They were certainly open to the idea of a land of opportunity across the ocean. America was still very much a land of mystery; it was not yet 80 years since Thomas Harriot, Raleigh and co. went to Virginia. Many still thought it might just be a bunch of large islands on the way to China although it was becoming rapidly apparent that this "vast and unmeasured" territory was much bigger than Europe. Aside from there being so little knowledge of what was actually there, prospective emigrants were also told, or read, a good deal of untrustworthy information – about food being so plentiful it would literally fall into their mouths, about a land in which there was no class system.

We don’t know how long it took Thomas to get to America. Such a trip was massively dependent on the winds. If he was lucky it took a month. If the weather was bad, it might have been four months. Chances are it was somewhere in between, maybe 9 to 10 weeks. Few of his fellow passengers would have had a specific destination in mind, beyond heading to the Caribbean or reaching a colony like New England or Virginia or Newfoundland. Most of them would never have been on a boat before. Many of them had probably never seen the sea and almost none of them could swim. As such, the concept of being confined on this vessel crossing unknown seas for an indefinite length of time must have been somewhat terrifying. Furthermore, given the unpredictable length of the journey, provisioning such ships was also total guesswork.

ARRIVAL IN VIRGINIA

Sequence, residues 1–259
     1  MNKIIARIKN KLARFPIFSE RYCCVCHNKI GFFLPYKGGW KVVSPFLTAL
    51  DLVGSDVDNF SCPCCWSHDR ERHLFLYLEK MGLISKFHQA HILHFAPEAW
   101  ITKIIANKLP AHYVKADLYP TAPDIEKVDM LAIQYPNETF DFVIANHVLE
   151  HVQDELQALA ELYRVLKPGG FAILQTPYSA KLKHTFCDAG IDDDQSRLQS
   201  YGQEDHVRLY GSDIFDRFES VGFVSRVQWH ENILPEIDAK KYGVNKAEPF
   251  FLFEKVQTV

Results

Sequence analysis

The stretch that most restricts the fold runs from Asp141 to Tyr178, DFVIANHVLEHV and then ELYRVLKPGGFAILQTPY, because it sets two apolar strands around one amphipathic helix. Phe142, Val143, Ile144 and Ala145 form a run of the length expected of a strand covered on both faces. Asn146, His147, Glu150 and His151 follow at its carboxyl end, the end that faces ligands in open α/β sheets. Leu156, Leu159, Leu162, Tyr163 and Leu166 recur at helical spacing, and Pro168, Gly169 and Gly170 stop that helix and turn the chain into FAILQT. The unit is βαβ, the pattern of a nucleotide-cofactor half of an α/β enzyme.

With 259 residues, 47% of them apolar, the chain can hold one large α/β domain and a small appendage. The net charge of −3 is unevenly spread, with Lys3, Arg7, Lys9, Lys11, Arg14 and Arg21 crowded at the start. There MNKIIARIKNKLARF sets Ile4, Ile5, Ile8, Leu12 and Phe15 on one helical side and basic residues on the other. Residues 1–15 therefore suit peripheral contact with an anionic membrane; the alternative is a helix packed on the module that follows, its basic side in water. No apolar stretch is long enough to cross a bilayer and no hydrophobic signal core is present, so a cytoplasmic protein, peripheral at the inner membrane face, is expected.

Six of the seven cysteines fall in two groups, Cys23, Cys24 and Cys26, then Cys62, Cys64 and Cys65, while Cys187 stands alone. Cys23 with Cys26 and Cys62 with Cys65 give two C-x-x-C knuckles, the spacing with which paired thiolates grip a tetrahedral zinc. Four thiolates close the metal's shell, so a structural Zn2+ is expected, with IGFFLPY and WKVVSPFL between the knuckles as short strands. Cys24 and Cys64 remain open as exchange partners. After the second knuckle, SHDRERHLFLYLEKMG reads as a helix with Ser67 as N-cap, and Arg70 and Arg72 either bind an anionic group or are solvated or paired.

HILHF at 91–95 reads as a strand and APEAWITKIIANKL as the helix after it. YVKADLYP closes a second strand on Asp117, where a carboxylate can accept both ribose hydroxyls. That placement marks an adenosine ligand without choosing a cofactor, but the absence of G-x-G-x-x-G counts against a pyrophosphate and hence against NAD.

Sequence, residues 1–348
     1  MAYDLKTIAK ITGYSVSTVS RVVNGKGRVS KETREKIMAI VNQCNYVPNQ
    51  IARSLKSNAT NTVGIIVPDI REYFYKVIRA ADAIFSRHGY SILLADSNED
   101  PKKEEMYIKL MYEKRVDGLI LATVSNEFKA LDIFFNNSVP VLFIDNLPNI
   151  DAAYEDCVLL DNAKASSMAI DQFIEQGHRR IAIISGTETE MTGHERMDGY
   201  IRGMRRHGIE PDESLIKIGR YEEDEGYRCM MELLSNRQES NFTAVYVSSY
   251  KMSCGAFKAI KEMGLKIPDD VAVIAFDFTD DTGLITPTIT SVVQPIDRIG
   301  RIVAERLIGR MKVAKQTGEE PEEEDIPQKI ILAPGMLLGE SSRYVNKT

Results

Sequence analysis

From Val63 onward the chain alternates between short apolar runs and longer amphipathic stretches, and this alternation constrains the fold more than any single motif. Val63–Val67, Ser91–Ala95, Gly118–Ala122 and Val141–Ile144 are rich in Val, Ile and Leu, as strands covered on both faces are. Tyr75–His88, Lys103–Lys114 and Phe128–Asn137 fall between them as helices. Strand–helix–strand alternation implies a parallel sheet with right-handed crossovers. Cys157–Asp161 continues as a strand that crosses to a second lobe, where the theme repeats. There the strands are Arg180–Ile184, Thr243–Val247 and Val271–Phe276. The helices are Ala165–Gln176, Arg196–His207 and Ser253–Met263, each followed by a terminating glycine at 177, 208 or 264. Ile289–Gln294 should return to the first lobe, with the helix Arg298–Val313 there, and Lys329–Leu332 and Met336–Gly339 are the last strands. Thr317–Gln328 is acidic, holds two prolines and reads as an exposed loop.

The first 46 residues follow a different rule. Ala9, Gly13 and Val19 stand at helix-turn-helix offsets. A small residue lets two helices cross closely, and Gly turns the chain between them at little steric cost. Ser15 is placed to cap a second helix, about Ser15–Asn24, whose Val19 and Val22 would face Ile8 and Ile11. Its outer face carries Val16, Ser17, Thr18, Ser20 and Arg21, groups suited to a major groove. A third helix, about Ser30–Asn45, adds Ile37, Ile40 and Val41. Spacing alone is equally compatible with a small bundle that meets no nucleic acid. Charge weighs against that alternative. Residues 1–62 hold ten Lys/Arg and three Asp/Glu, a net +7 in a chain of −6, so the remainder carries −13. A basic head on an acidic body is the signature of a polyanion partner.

One can only imagine the sense of trepidation, expectation, hope, swirling through Thomas’s mind as he arrived in the Americas. His fate now rested on the kindness of the gentleman who purchased him. Tobias Horton was a wealthy planter, surveyor and businessman born circa 1600. (6) Horton may have been transported to America as early as May 28th 1638 by Sarah Cloyden, widow, who claimed Headright land on Virginia's Isle of Weight County. He owned large tracts of land in Lancaster called "Wetherby's Land" located on Corotoman and Haddaway Creeks. Haddaway Creek was named after Rowland Haddaway, who explored the area in January 1659 along with Thomas Gaskin Abraham Moore, discovering a number of Indian cabins on the land. Tobias also owned land on the banks of Fleets Bay around Corotoman Creek. The Indian town of Wiccomoco was located on the southside of Corotoman. Horton bought 1,400 acres from Francis Morrison, which was originally owned by John Taylor I. The name of Horton's first wife is unknown but in 1652 he married Elizabeth Taylor, widow of John Taylor, with whom he founded a dynasty. On October 10th 1654 Tobias and Elizabeth hired Hugh Brent and Teague Floyne to make an inventory of the late John Taylor's estate. It included '3 old Bibles and 70 other books' and they valued his estate as £9,590 of tobacco. On July 1, 1659 Tobias Horton paid John Taylor's debt, £6,173. It seems Thomas Bunbury arrived the following year. On November 12th 1662, Teague Carrell bound himself to Horton to pay £8,000 of tobacco at £1,500 a year, for which Tobias sold him 100 acres of land between Tabbs and Nutypoyson Creeks. Elizabeth, wife of Tobias, asked her son-in-law Uriah Angell to acknowledge the sale. They clearly had a benevolent streak for, at the Lancaster County court on May 15th 1663, Elizabeth requested that cattle which belonged to John Taylor be given to his orphans. Tobias Horton died circa 1668, leaving four sons and three daughters.